MARQUETTE TOWNSHIP — On June 11th, 2016, two women attempted to cross to the island from Little Presque Isle Point. Changing water conditions in Lake Superior quickly put the girls in danger.
A bystander onshore, Justin Schroepfer, 24, from Rhinelander, Wisc. entered the water to try and save them. Tragically, Justin and one of the women, Kaylilyn Tansey, 22, of Grand Ledge, Mich. both lost their lives.
“The water was cold and it’s rough and we have to know the dangers of it,” said Kevin Schroepfer, Justin’s dad. “He knew this area pretty well. He went to NMU. He was basically trying to help somebody in need.”
Almost a year later, family and friends of the victims returned to Presque Isle Point Sunday to remember them and celebrate the new lifesaving equipment that’s now available for use at that location.
The Emergency Integrated Lifesaving Lanyard, or EMILY, is a remote controlled buoy that can maneuver through rip currents and other hazardous water conditions at 22 miles per hour to get to someone struggling in the water up to 1000 feet away.
It’s the only device of its kind on the Great Lakes.
“The equipment is designed like a miniature Jet Ski,” said Andrew Chosa, CEO of Great Lakes Unmanned Systems Center. “It’s got a single jet propeller; you can grab it anywhere without worrying where the propeller is. If someone calls and says there’s someone in trouble out at Little Presque, what’s the code, the dispatch officer will be able to give it to them. A single person can deploy this and get float out to them as quickly as possible.”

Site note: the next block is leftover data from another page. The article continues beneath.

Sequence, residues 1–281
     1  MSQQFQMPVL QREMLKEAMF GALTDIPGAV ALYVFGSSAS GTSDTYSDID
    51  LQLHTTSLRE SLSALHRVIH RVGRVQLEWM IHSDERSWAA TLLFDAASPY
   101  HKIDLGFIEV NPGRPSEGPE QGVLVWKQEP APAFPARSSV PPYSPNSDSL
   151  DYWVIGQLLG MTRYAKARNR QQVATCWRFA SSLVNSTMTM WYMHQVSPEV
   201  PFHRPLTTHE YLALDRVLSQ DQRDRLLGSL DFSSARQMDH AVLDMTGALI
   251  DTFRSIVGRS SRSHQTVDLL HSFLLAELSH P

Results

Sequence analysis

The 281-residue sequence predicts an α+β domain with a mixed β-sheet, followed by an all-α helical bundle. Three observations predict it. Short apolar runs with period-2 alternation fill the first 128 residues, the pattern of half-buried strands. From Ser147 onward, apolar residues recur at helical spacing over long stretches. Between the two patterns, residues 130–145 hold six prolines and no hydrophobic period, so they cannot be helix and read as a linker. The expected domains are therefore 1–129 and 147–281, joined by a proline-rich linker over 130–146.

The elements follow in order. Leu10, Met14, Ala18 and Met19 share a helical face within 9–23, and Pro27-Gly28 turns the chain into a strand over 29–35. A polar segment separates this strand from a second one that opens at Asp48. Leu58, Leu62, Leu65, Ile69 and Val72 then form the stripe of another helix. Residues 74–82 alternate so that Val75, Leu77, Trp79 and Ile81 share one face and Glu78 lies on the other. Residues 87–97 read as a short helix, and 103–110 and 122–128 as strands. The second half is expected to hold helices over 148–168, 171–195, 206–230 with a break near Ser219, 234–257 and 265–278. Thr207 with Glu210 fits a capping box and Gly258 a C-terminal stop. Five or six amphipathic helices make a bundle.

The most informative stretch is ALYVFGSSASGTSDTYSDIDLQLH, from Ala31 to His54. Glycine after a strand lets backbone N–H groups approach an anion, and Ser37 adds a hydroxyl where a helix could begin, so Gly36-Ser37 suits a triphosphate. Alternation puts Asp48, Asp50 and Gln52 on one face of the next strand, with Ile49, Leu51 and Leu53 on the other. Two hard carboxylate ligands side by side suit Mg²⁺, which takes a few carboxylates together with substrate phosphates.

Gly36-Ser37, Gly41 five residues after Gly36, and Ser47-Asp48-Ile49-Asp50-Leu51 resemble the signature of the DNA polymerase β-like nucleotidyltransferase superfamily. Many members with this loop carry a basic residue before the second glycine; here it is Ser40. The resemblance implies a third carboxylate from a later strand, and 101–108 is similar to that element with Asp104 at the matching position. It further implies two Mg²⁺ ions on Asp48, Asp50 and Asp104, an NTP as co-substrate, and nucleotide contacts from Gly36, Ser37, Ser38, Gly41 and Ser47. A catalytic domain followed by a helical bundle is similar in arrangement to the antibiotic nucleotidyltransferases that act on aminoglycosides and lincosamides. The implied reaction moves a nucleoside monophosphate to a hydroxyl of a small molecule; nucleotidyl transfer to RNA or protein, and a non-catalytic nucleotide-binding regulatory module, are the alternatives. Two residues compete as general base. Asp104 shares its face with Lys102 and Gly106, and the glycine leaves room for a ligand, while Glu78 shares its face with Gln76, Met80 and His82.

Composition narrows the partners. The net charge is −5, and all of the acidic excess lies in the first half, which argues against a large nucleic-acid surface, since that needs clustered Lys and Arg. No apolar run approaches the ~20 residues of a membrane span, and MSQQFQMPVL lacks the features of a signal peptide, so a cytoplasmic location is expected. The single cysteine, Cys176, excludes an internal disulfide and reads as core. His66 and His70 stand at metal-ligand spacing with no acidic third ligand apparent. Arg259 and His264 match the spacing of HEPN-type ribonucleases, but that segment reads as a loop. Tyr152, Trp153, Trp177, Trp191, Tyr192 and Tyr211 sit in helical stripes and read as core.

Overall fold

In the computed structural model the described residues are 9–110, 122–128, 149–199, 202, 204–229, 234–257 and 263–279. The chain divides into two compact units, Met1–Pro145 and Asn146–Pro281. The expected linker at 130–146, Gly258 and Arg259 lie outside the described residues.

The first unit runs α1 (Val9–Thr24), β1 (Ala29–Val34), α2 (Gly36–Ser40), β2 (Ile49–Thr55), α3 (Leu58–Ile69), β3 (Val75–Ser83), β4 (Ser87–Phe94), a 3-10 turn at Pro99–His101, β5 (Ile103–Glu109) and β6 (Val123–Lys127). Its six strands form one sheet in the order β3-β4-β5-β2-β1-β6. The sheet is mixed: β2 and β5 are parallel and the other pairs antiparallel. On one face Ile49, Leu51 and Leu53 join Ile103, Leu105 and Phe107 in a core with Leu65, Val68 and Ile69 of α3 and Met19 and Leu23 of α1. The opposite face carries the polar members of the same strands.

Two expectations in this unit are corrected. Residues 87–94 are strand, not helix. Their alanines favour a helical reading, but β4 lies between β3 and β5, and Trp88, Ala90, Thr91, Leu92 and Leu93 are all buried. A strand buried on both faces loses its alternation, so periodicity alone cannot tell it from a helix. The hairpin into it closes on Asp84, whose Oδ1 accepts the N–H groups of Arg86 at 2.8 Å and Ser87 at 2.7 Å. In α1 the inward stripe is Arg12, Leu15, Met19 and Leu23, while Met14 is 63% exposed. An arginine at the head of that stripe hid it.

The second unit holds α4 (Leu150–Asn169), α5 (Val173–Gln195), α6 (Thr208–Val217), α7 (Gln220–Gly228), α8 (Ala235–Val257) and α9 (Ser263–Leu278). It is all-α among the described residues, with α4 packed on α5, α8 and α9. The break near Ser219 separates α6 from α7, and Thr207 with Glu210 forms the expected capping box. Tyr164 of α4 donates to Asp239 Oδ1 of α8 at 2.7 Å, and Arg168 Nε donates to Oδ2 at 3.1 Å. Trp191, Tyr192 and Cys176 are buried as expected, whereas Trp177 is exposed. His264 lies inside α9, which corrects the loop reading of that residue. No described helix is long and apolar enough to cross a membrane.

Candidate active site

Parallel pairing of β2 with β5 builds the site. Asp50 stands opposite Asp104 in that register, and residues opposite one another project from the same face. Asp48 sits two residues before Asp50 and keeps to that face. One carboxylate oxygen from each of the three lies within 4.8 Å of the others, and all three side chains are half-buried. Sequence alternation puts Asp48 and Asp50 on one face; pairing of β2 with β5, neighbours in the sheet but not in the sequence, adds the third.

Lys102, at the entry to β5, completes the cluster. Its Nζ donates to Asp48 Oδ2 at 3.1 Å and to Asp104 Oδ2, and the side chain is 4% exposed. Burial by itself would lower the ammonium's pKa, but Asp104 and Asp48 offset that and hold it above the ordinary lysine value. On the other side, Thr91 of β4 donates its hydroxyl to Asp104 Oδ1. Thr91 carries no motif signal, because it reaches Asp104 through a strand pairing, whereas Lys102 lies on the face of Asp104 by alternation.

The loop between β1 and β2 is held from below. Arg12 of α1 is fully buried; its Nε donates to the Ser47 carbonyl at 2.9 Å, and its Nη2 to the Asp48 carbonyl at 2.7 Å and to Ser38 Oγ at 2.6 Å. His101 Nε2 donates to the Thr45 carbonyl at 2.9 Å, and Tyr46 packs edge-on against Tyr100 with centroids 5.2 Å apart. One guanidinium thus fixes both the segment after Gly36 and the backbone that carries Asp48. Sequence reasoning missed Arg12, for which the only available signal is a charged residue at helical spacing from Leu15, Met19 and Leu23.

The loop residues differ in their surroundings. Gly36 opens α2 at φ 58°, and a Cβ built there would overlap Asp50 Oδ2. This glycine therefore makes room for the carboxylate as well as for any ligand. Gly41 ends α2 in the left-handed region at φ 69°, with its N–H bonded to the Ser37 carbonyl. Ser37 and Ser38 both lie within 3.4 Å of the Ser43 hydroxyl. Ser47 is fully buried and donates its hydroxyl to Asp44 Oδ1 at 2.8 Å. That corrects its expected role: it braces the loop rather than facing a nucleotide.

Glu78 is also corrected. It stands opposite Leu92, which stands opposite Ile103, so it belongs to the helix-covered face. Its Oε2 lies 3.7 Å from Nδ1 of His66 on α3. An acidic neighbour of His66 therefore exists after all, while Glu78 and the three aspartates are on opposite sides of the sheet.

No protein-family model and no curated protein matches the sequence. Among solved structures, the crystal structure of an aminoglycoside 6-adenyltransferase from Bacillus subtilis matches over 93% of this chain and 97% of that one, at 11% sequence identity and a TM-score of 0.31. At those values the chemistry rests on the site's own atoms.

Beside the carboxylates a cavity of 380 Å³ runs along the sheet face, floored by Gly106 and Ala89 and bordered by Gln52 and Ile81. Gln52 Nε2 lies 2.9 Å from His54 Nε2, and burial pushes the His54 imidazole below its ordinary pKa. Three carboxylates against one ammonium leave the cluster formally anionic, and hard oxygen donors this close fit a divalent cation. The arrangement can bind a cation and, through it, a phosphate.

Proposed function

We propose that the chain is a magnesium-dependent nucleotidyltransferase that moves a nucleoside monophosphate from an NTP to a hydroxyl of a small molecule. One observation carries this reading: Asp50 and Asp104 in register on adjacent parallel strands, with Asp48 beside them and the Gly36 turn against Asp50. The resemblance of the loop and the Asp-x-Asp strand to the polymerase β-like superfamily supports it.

The EMILY device is stored in a box at the point. The lifesaving equipment was made possible thanks to contributions from the Keweenaw Bay Indian Community.
“I think it’s definitely a positive that can come from it is that there is something now, lifesaving devices that are easily accessible,” said Suzy Solin, Justin’s fiancée.
“What happened here after the loss was just amazing,” said Kevin Schroepfer. “Almost instantly things were erected here for lifesaving. The community just grabbed a hold of it and we weren’t even here.”
In honor of Justin and Kaylilyn, a plaque telling their story now stands near the point, warning others how dangerous Lake Superior can be.
“Well I can tell you one thing: he would’ve probably used it that day. And as he stood there on the shore that day, I know he wanted to help,” added Kevin Schroepfer.